says that you can't do it (so it is not possible) and other people that says you can do it with no problems,
for your information i have used the same statement for multiple queries, but i wonder if there's any problem
or issue with that.
This builds a query that ends up looking somethign like this:
query = "UPDATE schema.table SET col1= 'John', col2 = 'Doe' WHERE col3 like 'Boston';";
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I use this method when querying databases with SELECT statements. I pass many different types in without any problems. If you wanted to change it to handle UPDATE/CREATE statement change statement.executeQuery(query); to statement.executeUpdate(query) and return something besides a ResultSet. Try and reuse code as much as possible. Hope this helps.
I've used this class for multiple queries in the same class and it has worked.
But i was wonder if there's any issues with that.
THIS CODE IS A PART OF WHAT I'M WORKING ON
this link might help more.
is that i would've to create more than a preparedstatement to do multiple queries. Because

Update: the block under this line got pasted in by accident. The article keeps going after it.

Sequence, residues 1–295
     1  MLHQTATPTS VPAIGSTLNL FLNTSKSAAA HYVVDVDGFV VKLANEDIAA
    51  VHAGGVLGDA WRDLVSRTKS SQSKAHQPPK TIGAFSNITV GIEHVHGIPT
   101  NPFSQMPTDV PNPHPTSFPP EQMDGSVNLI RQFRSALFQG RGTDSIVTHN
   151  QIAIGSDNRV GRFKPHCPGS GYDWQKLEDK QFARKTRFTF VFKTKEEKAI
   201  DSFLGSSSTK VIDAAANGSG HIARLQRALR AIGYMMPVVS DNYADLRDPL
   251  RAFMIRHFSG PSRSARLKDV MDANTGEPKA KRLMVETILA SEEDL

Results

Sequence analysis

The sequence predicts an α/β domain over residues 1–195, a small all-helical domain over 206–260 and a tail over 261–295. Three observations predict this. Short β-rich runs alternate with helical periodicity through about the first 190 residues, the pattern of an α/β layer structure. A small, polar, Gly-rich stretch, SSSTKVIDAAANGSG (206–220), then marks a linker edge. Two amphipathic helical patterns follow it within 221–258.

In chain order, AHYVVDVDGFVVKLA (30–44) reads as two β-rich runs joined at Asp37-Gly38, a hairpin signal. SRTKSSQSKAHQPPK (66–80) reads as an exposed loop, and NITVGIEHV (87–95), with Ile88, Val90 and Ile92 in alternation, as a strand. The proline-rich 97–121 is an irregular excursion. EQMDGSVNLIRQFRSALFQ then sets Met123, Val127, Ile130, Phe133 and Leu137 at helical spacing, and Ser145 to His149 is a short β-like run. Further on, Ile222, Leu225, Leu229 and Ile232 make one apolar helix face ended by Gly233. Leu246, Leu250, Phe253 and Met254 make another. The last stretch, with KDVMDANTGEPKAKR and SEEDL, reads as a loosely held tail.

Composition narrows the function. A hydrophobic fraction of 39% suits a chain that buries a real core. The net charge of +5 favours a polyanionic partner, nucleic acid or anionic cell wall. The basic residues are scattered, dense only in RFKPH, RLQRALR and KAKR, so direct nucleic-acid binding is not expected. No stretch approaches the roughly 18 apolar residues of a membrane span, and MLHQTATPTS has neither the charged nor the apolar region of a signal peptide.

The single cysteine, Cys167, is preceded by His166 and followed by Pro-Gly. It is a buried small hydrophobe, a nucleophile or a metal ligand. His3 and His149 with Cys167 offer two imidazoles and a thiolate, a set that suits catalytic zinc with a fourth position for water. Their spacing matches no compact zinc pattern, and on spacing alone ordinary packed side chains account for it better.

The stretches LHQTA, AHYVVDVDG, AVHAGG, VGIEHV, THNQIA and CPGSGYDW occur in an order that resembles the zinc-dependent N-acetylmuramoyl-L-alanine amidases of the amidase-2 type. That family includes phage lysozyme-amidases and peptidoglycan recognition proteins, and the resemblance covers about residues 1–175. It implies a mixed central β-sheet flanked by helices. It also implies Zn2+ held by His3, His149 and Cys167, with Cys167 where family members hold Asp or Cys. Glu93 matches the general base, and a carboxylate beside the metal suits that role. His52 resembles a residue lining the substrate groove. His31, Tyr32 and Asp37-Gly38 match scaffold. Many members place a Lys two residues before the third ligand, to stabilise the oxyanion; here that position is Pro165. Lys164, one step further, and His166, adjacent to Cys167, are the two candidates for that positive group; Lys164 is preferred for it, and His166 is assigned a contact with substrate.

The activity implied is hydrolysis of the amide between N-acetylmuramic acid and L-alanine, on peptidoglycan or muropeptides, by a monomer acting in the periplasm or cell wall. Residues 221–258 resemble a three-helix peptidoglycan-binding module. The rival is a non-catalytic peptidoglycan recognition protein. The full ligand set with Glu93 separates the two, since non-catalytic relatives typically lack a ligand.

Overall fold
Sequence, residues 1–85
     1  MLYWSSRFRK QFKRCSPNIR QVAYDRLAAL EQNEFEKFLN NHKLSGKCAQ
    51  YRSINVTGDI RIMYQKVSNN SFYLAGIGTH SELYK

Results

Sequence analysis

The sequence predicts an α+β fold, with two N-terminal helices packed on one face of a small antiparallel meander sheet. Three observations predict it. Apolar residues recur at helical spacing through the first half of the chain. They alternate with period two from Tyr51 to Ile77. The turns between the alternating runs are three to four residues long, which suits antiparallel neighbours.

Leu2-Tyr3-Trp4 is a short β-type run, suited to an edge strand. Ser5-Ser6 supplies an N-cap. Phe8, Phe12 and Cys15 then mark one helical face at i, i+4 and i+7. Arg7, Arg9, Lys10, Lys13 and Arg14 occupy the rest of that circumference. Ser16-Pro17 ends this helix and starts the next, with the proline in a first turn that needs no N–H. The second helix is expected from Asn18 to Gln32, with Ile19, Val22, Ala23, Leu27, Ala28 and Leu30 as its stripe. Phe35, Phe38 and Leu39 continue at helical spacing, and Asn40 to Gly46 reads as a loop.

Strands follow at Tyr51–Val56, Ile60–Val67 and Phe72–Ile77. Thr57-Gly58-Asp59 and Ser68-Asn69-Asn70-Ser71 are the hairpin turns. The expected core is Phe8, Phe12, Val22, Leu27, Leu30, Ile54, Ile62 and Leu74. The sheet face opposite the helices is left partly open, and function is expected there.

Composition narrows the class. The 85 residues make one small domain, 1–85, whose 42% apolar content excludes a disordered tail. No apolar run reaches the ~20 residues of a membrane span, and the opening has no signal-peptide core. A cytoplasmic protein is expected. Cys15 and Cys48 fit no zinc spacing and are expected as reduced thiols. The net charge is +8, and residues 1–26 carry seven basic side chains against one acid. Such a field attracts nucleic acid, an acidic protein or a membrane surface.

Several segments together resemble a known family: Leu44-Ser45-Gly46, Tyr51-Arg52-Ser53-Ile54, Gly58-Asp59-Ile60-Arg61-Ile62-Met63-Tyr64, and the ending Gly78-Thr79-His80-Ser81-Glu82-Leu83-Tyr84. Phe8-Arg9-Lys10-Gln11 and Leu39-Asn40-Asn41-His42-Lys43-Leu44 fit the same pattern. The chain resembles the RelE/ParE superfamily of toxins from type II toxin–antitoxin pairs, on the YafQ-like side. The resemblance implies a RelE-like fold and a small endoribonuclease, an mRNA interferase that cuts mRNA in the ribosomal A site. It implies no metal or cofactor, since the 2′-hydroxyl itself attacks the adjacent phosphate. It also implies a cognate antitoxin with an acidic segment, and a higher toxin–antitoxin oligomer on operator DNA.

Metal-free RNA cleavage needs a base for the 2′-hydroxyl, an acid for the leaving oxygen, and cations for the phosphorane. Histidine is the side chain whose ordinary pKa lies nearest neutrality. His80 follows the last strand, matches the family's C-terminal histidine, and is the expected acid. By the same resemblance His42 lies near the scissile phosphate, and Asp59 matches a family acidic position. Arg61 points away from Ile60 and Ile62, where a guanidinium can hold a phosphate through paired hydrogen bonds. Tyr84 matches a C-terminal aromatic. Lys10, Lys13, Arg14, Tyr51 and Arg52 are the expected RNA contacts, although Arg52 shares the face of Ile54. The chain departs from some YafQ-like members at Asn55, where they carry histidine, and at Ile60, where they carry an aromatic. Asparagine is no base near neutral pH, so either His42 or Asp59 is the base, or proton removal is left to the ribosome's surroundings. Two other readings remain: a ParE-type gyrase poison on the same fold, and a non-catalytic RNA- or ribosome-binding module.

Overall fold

a preparedstatement asks me for the sql and inmediatly compiles itself.
Of course you would have to use different ResultSets
By default, only one ResultSet object per Statement object can be open at the same time. Therefore, if the reading of one ResultSet object is interleaved with the reading of another, each must have been generated by different Statement objects. All execution methods in the Statement interface implicitly close a statment's current ResultSet object if an open one exists.
You can do
In that loop, using a Statement is not efficient, because it's compiled again and again, which is a costly operation. Use PreparedStatement as advised above - it's more efficient.
But using just one preparedstatement. Would it be the same?.
Also overall you can do some code improvements. Whenever using JDBC, ensure that Results, Statements and Connections are close()d in a finally block.
This ensures that all your JDBC resources are cleaned up even if there's an exception. The Resultset close()s are, strictly speaking, not necessary because statement.close would close them anyway; but it's good practice.>